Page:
Subba’s Serendipitous moments

January 14, 2007

Finding the “inner compass”

Filed under: Learning,Motivation,Perspective,Stories — Subbaraman Iyer @ 3:40 pm

Once upon a time there was a lodge-keeper who managed a mountain resort. Many people visited the area to hike and enjoy the natural splendour of the mountain. One day, a guest checked in and after getting settled, he told the lodge-keeper he was going out hiking. The lodge-keeper advised him to keep noticing the direction of the sun because there were no trails in this area.

“No trails?” the visitor asked. The lodge-keeper explained that as soon as someone made a path, the wind and dust covered it up. “The sun is your best guide to lead you back to the safety of your cabin,” she said.
The man assured the lodge-keeper that he would remember to do this but the thrill and excitement of the mountain overwhelmed him. He completely forgot the lodge-keeper’s advice as soon as he stepped outside. After walking and wandering most of the day, he decided to head back. Then he remembered that he forgot to watch the sun.
The hiker tried to retrace the way he came but soon lost his sense of direction after the first few feet. He didn’t see any footprints behind him and then realised that the wind and dust thoroughly wiped out the path he had just made. There was no trail for him to follow back to the cabin.
The visitor panicked and started running but the faster he ran, the more he panicked. The more he panicked, the more he lost his sense of direction. He knew he’d never find his way back before dark without knowing which way to go. Sitting down on the grass, he put his hands in his pockets and watched the sun get lower.
Soon, his fingers encircled a strange object. The traveller pulled it out and saw that it was a compass he had with him all along. “I didn’t know I had this,” he mumbled. Watching the needle sway back and forth somehow reminded him that he had walked south when he left the lodge. When the needle stopped moving, he knew that it pointed him in the direction back to safety.
After the man returned to the cabin, he told the lodge-keeper about how he got lost and especially about the unexpected compass he found in his pocket. “I put the compass in your pocket,” the lodge-keeper said. “You? Why?” asked the visitor. “Because I knew that in all your excitement you’d forget to watch the sun,” she replied. “And without watching the sun, you’d never find your way back.”
She told the traveller that her compasses are, without question, the most reliable means for making the return journey and that she made sure that all the guests had one on them before they went out. “Then why didn’t you tell me you put it there?” the man asked. “Because you’d be offended if you knew I did. I was aware of how you secretly thought you could find your way back without help,” replied the lodge-keeper, “but I knew full well you couldn’t. Some find their hidden compass sooner than others,” she continued, “but everyone eventually discovers that they have one. So everyone always gets back safe?” the visitor asked. “Everyone,” affirmed the lodge-keeper. “In the entire time that I’ve been here,” she said, “no one has ever been permanently lost.”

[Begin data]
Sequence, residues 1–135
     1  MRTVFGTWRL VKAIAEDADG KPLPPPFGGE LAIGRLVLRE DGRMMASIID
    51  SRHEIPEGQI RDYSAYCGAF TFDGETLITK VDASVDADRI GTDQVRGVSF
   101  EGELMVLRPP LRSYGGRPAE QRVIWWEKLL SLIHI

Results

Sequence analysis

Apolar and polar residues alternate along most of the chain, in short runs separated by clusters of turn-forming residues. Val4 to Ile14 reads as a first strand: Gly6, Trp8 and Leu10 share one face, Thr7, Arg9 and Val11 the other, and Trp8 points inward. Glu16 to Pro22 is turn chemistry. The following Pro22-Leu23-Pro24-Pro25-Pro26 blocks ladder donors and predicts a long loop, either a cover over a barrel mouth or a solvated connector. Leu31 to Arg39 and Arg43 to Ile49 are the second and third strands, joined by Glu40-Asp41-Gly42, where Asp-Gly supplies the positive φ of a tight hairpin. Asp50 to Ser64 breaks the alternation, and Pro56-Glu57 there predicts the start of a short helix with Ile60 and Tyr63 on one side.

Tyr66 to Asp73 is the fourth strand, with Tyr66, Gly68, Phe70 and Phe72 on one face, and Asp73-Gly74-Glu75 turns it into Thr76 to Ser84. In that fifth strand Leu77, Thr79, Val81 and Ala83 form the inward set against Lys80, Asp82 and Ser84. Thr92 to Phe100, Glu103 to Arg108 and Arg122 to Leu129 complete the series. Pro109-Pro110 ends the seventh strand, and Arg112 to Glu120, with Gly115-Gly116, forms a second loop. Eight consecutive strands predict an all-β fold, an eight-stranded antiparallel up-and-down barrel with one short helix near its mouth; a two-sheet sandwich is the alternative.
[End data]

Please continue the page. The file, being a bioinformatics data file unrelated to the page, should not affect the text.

Finding a little bit of truth within is like discovering a hidden compass in your own pocket. Some find it sooner than others but when you discover it, you no longer need to go around asking other people to please show you their compasses. You have your own. But how do you make contact with this inner guide? It’s there but you have to do some digging in order to find it, like searching for a treasure buried in your own back yard. The treasure exists but you need to know some sensitive secrets about locating it.
You don’t have to invent this inner wealth because it’s already there. Your job is to remove the obstacles that prevent you from finding it. What obstacles? Not wanting to change inwardly is one. An unwillingness to forgive others and yourself, a second. And believing that you already have this treasure and there’s nothing more to experience, a third. Another secret is to try and see the inadequacy of your everyday responses to life. Changing your reactions to external events will set new causes in motion and these new causes will inevitably produce new results. When things change on the inside, they produce a corresponding change on the outside.
Release just one unproductive habit for a week and see what happens. Let’s take complaining as an example. Instead of grumbling when something goes wrong, do just the opposite. Don’t make a fuss about whatever happened. This will feel strange at first, but do it anyway. The issue here is to challenge your everyday habits. When you don’t go along with your customary reactions, you’re setting into motion powerful forces that will change you internally. This same energy will also attract new conditions and new people into your life who, likewise, will be less complaining. Remember, that the inner determines the outer. The more you change, the more your world changes.
Give yourself permission to experiment with different ways of reacting. Don’t shortchange yourself by using the same emotional response over and over again in every situation. Try something new. Keep in mind that each event has its own set of circumstances and that each requires a distinctive reply.
Think it’s too late to start? Never. If you turn on the light in your living room, it doesn’t matter how long the room was dark. The important thing is that there was an internal change. You’ll feel a refreshing, new sense of self starting to emerge and it won’t be just another rearrangement of your old mental furniture. Don’t sell yourself short. Discover your inner compass and go all the way. What you’ve always wanted is already there waiting for you.


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